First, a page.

Human herpesvirus‐6 infections in kidney, liver, lung, and heart transplantation: review
Human herpesvirus‐6 (HHV‐6), which comprises of HHV‐6A and HHV‐6B, is a common infection after solid organ transplantation. The rate of HHV‐6 reactivation is high, although clinical disease is not common. Only 1% of transplant recipients will develop clinical illness associated with HHV‐6 infection, and most are ascribable to HHV‐6B. Fever, myelosuppression, and end‐organ disease, including hepatitis and encephalitis, have been reported. HHV‐6 has also been associated with various indirect effects, including a higher rate of CMV disease, acute and chronic graft rejection, and opportunistic infection such as invasive fungal disease. All‐cause mortality is increased in solid organ transplant recipients with HHV‐6 infection. HHV‐6 is somewhat unique among human viruses because of its ability to integrate into the host chromosome. The clinical significance of chromosomally integrated HHV‐6 is not yet defined, although a higher rate of bacterial infection and allograft rejection has been suggested. The diagnosis of HHV‐6 is now commonly made using nucleic acid testing for HHV‐6 DNA in clinical samples, but this can be difficult to interpret owing to the common nature of asymptomatic viral reactivation. Treatment of HHV‐6 is indicated in established end‐organ disease such as encephalitis. Foscarnet, ganciclovir, and cidofovir have been used for treatment.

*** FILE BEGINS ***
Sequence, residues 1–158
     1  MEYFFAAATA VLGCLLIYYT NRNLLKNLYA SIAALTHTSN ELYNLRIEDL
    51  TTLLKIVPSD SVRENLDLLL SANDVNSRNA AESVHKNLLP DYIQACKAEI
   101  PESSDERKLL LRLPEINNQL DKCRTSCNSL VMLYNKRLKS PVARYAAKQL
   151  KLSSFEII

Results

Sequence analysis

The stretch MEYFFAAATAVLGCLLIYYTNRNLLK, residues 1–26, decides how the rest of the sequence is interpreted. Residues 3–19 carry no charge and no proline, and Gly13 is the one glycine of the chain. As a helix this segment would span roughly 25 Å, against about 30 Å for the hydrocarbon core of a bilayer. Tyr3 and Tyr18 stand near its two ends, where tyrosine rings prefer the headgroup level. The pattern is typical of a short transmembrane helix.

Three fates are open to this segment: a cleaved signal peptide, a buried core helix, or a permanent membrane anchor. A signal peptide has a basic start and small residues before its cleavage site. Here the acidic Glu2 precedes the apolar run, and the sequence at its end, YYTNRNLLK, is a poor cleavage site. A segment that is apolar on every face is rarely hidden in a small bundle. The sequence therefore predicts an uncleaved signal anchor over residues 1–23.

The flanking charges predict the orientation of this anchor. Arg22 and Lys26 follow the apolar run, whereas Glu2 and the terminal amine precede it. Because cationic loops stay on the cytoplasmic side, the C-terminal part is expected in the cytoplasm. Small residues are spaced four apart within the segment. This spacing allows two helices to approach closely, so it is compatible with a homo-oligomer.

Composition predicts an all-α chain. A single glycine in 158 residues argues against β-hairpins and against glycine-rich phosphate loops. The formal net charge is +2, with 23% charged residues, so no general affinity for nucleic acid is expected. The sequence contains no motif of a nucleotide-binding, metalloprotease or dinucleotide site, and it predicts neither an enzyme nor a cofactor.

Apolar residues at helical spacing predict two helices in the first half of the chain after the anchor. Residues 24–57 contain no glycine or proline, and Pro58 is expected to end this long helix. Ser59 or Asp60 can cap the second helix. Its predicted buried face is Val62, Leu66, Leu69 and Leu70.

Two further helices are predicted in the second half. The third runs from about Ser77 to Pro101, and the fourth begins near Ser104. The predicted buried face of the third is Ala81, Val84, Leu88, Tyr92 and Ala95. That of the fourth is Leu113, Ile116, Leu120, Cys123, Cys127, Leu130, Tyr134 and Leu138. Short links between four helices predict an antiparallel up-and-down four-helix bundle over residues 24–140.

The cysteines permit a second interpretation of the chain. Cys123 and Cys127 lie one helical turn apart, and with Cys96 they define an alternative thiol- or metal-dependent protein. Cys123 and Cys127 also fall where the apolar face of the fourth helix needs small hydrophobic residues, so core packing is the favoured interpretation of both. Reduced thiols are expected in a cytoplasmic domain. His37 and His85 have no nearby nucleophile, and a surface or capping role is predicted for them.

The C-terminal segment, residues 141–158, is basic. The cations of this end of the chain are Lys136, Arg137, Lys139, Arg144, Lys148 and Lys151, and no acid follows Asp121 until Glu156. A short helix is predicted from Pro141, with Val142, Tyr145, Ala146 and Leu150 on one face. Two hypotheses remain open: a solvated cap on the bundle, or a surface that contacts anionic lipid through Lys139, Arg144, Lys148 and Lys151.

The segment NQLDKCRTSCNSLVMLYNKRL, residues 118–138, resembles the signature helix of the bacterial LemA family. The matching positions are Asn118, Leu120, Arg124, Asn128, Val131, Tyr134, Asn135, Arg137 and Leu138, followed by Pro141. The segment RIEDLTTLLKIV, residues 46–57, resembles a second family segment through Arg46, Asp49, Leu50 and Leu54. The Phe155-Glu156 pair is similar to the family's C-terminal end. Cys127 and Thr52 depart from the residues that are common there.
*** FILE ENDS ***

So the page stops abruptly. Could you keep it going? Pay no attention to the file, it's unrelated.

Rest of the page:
Document Type: Research Article
Affiliations: 1: Department of Virology, Helsinki University Hospital, and Helsinki University, Helsinki, Finland 2: Division of Infectious Diseases, Department of Medicine, and the William J von Liebig Transplant Center, College of Medicine, Mayo Clinic, Rochester, MN, USA
Publication date: May 1, 2012